Have you ever indulged in a meal that felt as though you were perched at a long family-style table in the middle of the Tuscan countryside, sharing summer vegetables so sublime they echoed the rolling landscape and firm pasta made by hand. I was rewarded with such an experience recently at NYC's Del Posto, my first taste of Mario Batali's work.
While Chicago consistently blows me away on a culinary scale, I've been longing to experience the orange-clogged-one and my recent trip home was just the time. His cooking proved, as I had hoped, to truly exude rustic Italian charm and class, not just an Iron Chef but a true gustatory journeyman.
This particular Batali-Bastianich legend has an atmosphere steeped in luxury and dimly lit dark wood, and I sensed a stir in the air that I was in for a treat.
I started with a salad, which seemed to be a cop out in a place that treats meats so lovingly, but all reservations were gone by the time a virtual painter's palate was presented in front of me. I was blown away. My fork bounced from fava bean puree to edible herb and flower blossoms to marinated artichoke and rough crumbles of pumpernickel croutons for lapping up fresh goat's milk ricotta...
The pasta was delightfully springing and firm. My dad, who's been known to play it safe when venturing out to eat, was pleasantly surprised by his spaghetti roti (firm, chopped, large ropes of pasta) that nested chunks of dungeness crab, scallions and mild jalapenos.
I looked to our waiter for his spot on recommendations, and went with my gut with the white rabbit panzotti (large hand-formed packets filled with sausage like dark meat and ricotta), bathed in black truffle butter and sliced pencil asparagus. It transported me to that farm table in Italy. Simple ingredients, sunny and bright but so chewy and indulgent that I was left more than satisfied.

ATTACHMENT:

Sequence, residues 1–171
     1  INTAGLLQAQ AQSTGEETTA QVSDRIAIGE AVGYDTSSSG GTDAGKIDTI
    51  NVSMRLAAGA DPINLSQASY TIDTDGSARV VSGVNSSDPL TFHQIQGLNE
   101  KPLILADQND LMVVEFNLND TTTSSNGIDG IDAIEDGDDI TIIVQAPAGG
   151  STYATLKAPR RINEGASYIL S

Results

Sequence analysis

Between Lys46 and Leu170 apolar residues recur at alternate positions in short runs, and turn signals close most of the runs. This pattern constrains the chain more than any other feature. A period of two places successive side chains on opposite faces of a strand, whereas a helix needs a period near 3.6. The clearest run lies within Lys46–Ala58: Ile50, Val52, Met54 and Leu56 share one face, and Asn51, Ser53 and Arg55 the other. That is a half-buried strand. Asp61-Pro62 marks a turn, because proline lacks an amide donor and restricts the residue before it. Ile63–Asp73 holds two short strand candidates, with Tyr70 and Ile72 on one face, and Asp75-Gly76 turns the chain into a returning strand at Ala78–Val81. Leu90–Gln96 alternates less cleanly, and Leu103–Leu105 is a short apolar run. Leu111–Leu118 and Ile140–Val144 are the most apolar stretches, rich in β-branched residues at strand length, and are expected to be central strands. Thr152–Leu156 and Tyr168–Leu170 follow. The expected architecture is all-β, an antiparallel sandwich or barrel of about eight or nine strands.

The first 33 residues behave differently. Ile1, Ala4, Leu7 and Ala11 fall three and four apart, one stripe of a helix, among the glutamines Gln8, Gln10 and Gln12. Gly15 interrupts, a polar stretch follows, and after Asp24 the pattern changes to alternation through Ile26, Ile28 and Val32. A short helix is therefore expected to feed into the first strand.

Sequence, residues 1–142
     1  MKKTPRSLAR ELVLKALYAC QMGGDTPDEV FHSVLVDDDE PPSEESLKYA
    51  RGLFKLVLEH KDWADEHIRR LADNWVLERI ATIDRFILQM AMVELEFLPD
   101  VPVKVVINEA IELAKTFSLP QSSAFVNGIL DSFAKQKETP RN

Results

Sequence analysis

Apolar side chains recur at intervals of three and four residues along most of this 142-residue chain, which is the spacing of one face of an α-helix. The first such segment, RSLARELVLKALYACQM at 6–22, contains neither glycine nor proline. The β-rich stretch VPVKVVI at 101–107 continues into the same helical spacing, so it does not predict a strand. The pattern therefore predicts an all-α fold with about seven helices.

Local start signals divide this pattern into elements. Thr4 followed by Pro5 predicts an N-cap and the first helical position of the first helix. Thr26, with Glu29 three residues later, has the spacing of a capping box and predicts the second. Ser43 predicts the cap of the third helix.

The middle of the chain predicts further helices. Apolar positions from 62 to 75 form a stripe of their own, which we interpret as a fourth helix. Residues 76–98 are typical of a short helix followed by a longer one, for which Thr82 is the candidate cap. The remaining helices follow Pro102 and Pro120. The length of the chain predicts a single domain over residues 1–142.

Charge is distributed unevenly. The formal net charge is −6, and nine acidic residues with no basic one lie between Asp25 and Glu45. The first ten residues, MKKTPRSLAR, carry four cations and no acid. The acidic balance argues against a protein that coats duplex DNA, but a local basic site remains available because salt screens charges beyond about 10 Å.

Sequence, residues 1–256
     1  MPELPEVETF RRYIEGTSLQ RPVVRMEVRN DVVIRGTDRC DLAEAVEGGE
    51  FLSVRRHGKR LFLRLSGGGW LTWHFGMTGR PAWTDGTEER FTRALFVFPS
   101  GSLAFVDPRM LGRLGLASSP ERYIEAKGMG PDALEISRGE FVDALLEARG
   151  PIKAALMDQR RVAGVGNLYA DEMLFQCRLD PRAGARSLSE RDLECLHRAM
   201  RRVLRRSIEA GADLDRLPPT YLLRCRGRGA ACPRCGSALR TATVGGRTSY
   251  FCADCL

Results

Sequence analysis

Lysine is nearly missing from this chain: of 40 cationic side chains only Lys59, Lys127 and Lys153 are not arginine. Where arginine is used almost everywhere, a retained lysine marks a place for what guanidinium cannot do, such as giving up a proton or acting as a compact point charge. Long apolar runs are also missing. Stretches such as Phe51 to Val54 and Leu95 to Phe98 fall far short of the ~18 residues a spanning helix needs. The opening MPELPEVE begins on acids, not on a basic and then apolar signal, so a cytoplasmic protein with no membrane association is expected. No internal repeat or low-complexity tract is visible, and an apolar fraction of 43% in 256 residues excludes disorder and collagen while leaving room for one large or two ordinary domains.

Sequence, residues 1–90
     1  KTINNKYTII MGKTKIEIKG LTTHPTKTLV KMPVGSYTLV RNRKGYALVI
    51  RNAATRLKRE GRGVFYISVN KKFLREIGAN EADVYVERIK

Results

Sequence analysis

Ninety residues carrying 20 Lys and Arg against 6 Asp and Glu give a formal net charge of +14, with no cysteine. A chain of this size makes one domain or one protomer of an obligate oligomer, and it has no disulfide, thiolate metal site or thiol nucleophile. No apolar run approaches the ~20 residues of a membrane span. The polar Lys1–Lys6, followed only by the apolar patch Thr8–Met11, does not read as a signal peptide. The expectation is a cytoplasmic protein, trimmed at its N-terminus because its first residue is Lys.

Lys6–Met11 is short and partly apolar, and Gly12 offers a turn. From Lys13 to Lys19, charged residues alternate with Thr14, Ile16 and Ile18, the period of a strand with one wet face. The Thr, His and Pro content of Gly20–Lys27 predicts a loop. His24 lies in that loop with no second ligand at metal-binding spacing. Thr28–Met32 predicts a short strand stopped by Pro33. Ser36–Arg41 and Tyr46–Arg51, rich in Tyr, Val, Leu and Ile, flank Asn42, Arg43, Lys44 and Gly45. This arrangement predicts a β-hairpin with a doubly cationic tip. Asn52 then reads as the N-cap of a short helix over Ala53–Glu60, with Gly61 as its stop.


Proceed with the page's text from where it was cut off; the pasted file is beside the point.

Dessert was a necessity at a place like this. The selection was difficult and daring, but my butterscotch semifreddo proved a study in contrasts. The buttery, coffee tones spooned up deliciously cool and creamy. Nestled beside it was a bouquet of baby mint leaves and a dollop of rhubarb marmalade. The semifreddo felt so old-world in it's comfort and indulgence, but the rhubarb and mint were surprisingly lightly simple yet modern nod to the fresh bounty of the season. Perhaps this tiny bowl captures the magic of Del Posto and Batali himself, combining rich Italian culinary sensibility while invoking the purest contemporary ingredients to bring the meal to life.
This week, I'm welcomed back to Chicago with an event I've truly been looking forward to: the famed Green City Market's annual Chef's BBQ. I can't wait to report on my favorite local chefs (64 in attendance!!)...and ones I'll be dying to visit on their own turf.